Bell Labs researcher Ryan Enright and former colleagues at the Massachusetts Institute of Technology (MIT) discovered something quite unexpected in the course of their collaboration on thermal management.  As microscopic water droplets leaped away from superhydrophobic surfaces, they assumed an electrical charge.  This phenomenon had never previously been observed, and the ramifications could be significant.  Ryan, along with co-authors Nenad Miljkovic, Evelyn Wang and Daniel Preston published their findings in the science journal Nature Communications .

The team was exploring the process in which water negotiates the surface of metals with coatings designed to repel water. Under certain circumstances, rather than simply dropping vertically and separating from a surface due to gravity, droplets can actually jump away from it.  We see this behavior when droplets of water have condensed on the surface and form an electric double layer (a layer of paired positive and negative charges). When droplets combine, the jumping happens quite rapidly, and consequently the charge separates, leaving some charge on the surface and some on the droplets.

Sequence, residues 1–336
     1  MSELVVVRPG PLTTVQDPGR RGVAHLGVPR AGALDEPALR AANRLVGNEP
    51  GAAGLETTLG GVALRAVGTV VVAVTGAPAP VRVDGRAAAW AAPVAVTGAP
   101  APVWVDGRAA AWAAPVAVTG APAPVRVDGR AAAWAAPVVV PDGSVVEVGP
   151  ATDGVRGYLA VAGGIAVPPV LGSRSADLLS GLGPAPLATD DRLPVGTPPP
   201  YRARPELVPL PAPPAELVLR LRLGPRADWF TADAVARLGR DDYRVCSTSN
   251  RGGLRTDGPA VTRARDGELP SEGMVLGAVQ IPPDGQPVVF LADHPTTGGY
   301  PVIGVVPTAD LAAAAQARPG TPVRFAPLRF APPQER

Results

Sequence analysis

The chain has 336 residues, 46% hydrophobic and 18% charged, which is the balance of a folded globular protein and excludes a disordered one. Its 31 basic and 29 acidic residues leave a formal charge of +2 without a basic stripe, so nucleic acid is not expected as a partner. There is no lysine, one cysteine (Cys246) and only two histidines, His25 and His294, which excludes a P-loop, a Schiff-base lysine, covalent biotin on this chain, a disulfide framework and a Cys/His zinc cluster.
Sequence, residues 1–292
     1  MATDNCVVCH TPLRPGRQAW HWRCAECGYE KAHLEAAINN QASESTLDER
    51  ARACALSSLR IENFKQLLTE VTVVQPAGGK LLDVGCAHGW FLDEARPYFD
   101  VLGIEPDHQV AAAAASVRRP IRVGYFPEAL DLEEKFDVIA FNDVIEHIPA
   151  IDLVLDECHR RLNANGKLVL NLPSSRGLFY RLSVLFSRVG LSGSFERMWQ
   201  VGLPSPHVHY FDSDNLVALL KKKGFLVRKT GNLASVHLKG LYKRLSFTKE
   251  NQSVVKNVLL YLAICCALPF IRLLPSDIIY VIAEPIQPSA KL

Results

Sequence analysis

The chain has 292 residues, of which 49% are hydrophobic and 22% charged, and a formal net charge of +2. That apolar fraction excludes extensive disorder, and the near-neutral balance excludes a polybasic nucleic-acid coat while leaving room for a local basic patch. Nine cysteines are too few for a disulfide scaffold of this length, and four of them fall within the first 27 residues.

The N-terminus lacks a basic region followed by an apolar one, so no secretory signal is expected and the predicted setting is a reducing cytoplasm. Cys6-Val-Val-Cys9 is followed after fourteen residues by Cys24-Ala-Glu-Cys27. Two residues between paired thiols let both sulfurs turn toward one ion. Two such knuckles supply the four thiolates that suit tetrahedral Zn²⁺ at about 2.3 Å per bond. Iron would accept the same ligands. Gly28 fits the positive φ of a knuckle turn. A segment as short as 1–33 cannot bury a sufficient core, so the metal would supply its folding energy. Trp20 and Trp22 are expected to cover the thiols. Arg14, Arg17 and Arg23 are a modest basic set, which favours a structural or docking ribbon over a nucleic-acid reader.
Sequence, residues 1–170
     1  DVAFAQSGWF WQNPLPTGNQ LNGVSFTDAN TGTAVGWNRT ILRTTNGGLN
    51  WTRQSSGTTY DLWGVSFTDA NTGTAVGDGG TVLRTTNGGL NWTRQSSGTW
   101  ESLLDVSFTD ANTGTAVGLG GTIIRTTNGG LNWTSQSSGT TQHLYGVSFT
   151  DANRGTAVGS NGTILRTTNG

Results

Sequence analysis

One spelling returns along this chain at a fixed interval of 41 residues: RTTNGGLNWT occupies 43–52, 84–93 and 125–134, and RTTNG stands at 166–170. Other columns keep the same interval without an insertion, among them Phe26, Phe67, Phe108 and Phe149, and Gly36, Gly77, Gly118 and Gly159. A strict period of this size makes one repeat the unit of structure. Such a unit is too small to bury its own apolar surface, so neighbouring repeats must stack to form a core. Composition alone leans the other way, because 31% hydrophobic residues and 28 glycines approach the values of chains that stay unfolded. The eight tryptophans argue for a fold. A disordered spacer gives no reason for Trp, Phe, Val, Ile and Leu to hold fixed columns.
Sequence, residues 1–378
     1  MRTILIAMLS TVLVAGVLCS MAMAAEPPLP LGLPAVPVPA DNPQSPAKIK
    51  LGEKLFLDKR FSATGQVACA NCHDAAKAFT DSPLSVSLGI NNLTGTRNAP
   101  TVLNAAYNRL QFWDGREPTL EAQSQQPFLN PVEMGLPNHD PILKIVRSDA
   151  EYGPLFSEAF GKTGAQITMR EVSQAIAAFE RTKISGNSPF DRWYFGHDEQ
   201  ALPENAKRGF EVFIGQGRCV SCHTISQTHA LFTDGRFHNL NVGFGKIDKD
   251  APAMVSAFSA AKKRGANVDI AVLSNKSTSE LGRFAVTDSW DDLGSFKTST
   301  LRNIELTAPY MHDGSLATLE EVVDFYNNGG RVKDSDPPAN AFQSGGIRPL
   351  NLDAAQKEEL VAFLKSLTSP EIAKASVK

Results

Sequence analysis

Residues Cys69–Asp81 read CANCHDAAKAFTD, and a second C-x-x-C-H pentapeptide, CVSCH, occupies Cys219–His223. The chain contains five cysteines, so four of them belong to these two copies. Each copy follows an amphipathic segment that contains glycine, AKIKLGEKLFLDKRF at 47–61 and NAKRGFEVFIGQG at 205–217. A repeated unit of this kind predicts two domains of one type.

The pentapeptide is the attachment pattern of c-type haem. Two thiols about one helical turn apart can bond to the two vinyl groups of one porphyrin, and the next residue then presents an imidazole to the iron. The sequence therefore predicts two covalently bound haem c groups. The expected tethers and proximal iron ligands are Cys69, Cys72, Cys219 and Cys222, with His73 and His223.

Bell Labs researcher Ryan Enright - discovering the secrets of droplets.The jumping behavior of droplets from a superhydrophobic condenser surface had been known and researchers at Bell Labs and elsewhere were exploring how that behavior could be used to increase the efficiency of thermal management in various devices and systems.  The discovery of the associated charge behavior, however, offers new and potentially significant ways to improve on that efficiency.  Thermal management is becoming a critical path factor for sustainable progress in Information and Communication Technology (ICT) as ever-more demanding chip designs at the nanometer level increasingly yield self-destructive heat.

Other dimensions of these findings might lead to greater discoveries and solutions.  Jumping droplets with charge could be harnessed for generating power, e.g., from condensation in the ambient air.  In this way, surface cooling might be achieved by means of natural water systems (lakes, rivers, etc.)  That, however, remains a subject for further exploration.